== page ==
There has been a lot of fuss in the United Kingdom about a redundancy program of Big Four firm KPMG. The consulting firm asked 500 of its management consultants via email to dial in to a pre-recorded voicemail. Via this voicemail they were informed about a redundancy programme. The message mentioned the firing of dozens of senior managers and directors working in both the public and private sector. Several British journalists and politicians have openly criticised KPMG for its action, not so much for the outcome of the message but because of the impersonal method used to inform employees.
The KPMG voicemail was recorded by a senior partner, Julian Thomas. Several minutes into the voicemail, he raised the subject of job cuts, saying that management consultancy had a higher proportion of senior managers than other sections of KPMG. As a result, KPMG decided to fire several colleagues in consulting: “Unfortunately we are now in consultation with certain individuals at director and senior management level,” he said. According to Thomas the approach was considered appropriate: “This is a message going out to everybody corporates. The corporate business is facing a challenging market (…) we are performing substantially lower on profitability in comparison to last year. Therefore, we are forced to act appropriately.”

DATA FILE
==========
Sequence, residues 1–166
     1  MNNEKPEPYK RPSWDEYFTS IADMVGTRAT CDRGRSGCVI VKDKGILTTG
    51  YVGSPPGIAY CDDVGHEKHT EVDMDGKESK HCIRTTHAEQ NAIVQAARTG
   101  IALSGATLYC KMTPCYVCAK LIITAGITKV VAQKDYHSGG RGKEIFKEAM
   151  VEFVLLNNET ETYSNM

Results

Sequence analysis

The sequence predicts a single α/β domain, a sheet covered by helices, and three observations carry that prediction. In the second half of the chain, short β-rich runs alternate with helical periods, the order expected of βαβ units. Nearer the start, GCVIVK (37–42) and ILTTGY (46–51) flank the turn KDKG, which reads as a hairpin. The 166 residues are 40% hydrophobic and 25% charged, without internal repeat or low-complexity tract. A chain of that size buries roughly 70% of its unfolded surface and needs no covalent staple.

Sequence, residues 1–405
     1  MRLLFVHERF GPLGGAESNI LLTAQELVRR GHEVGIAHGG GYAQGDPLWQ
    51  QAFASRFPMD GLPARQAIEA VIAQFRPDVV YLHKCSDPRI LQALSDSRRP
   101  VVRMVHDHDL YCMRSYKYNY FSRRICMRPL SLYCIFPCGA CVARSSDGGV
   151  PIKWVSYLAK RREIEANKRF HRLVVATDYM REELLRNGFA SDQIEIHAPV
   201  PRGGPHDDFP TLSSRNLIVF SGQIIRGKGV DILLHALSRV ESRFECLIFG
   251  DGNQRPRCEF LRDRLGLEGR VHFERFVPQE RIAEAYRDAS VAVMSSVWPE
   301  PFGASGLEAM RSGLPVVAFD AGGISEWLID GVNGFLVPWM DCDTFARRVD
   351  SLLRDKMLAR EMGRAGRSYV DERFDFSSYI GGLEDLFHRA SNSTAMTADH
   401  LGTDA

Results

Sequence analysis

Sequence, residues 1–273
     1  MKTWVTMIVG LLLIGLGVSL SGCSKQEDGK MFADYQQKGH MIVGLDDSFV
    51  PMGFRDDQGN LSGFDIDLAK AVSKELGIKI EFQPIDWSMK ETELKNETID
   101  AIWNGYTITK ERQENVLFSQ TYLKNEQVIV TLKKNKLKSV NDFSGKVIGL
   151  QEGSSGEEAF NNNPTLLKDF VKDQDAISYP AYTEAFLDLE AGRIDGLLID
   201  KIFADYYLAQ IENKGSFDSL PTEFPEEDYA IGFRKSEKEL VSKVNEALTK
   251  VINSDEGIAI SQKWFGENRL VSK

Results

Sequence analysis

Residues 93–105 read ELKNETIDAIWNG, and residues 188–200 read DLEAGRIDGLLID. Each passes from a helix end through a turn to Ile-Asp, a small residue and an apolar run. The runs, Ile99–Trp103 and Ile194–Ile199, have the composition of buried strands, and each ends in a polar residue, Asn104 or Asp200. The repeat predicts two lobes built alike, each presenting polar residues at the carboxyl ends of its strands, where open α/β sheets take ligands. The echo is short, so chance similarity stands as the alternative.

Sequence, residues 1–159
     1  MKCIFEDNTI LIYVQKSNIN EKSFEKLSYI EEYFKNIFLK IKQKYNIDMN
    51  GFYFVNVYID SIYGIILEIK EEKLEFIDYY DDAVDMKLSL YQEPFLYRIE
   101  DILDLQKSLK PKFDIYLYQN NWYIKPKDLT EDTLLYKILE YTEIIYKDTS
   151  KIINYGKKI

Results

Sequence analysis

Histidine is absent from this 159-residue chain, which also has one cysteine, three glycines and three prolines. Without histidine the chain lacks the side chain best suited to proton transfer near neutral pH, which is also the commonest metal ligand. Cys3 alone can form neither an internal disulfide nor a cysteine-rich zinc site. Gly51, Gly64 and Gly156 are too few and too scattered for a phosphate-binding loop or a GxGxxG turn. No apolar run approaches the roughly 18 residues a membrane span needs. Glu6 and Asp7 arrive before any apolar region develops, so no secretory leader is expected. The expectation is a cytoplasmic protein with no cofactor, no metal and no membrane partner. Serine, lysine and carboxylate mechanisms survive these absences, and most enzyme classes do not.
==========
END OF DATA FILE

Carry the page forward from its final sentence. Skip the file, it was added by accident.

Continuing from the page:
In a response to the fuss, a KPMG spokesman said: “All those who are at risk of redundancy were told personally and on a one-to-one basis.”